Russian scientists save tongue-tied polar bear
Russian authorities flew a team of veterinarians all the way from Moscow to save a polar bear in the remote Arctic settlement of Dikson on Thursday. The female got her tongue stuck in a can of condensed milk and was slowly starving to death. A video of the bear begging for help on the porch of a house in Dikson went viral in Russia this week.
“Half her tongue was stuck in the can,” Alexander Makarkin, the airport employee who recorded the video, told Russian media outlets.
The bear had walked up to the porch of his house and Makarkin tried to remove the can from her mouth, capturing the moment on his cellphone camera.
Suffering polar bear seeks human help pic.twitter.com/nPlpdGT15Y— RT (@RT_com) July 21, 2022
A team of specialists from the Moscow Zoo made the 2,730-kilometer (1,696-mile) trip to the Russian Arctic. Upon their arrival on Thursday, they quickly tranquilized the bear and gently removed the metal can from her tongue, which was severely injured. The female, whom they named “Monetka” (coin) was then given an infusion to recover her strength, and airlifted away from Dikson by helicopter.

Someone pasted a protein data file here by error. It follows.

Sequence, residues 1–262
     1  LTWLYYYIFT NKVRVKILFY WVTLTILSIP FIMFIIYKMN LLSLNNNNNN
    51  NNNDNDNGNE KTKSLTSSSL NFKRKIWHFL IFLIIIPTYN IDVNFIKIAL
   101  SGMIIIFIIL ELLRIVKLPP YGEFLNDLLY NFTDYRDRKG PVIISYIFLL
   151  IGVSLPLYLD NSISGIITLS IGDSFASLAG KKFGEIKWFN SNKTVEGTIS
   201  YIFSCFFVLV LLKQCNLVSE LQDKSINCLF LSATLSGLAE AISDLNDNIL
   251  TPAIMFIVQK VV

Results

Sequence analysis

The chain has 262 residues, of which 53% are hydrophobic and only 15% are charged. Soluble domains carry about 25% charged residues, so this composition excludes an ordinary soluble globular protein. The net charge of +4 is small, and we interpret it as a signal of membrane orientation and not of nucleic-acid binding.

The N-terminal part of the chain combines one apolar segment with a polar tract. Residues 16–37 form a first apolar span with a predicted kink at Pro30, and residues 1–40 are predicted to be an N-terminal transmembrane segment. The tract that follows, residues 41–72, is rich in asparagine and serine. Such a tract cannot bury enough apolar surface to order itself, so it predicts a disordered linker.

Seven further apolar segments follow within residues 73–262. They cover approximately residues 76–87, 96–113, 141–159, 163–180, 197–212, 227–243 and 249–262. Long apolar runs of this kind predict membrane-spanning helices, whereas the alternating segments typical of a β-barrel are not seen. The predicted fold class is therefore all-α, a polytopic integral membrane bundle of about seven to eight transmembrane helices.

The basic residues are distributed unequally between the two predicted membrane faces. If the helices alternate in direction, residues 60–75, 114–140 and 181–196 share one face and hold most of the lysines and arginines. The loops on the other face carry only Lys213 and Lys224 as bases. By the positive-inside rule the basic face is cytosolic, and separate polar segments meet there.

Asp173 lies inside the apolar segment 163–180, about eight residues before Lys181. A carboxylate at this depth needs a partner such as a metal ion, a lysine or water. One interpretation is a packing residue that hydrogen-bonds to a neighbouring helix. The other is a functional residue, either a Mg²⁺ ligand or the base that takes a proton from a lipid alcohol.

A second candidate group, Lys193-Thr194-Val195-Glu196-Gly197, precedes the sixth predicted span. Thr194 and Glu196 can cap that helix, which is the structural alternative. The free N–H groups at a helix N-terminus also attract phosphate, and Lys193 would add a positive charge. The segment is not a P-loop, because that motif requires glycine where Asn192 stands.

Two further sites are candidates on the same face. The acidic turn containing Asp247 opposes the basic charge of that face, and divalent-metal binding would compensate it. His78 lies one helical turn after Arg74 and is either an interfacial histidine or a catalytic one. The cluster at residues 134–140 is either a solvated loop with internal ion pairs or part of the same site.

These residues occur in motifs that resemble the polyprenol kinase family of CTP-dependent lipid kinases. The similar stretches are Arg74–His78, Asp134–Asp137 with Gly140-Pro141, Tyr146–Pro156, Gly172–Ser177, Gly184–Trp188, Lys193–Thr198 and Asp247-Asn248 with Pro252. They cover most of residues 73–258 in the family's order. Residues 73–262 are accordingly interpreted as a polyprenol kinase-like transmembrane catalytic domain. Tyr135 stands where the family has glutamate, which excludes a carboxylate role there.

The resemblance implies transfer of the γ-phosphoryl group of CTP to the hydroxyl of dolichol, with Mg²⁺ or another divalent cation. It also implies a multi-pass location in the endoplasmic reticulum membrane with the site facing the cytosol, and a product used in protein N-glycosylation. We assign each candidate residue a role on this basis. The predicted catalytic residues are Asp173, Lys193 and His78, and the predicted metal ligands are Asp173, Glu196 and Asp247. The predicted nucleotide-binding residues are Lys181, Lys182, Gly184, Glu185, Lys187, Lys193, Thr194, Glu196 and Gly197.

“We spotted the bear about three kilometers from the Dikson airport,” said Svetlana Radionova, head of Russia’s natural resource management agency Rosprirodnadzor, on her Telegram channel. “Our specialists managed to tranq her with their first shot. She was asleep within ten minutes and we successfully removed the can. Now a veterinarian is treating her tongue, which has many cuts.”
The bear turned out to be a female, about two years old, and weighed less than 90 kilograms (198 pounds). She could not eat or drink for days, said Mikhail Alshinetsky, one of the veterinarians who flew into Dikson.
“The tongue is damaged, but will most likely recover because the underlying muscles are not affected,” said Alshinetsky.
Radionova explained that the plan was to keep the bear sedated until her tongue could be patched up, then airlift her away from town and leave her in the wilderness about 60-100 kilometers (37-62 miles) away, with “three sacks of fish” she can eat until she’s well enough to hunt. “We will keep an eye on her, to make sure she’s all right,” she added.
Rosprirodnadzor organized the rescue expedition, headed by the chief veterinarian of the Moscow Zoo, Dmitry Egorov, within a day of Makarkin’s video making the rounds. Unfortunately, bad weather kept them waiting for several hours in Norilsk, the nearest major city.
Dikson is a community of fewer than 600 residents in Krasnoyarsk Region, near where the Yenisei River flows into the Kara Sea. It is the northernmost human settlement on the Asian continent, and was named after Baron Oscar Dickson, a 19th-century Swedish pioneer of Arctic exploration.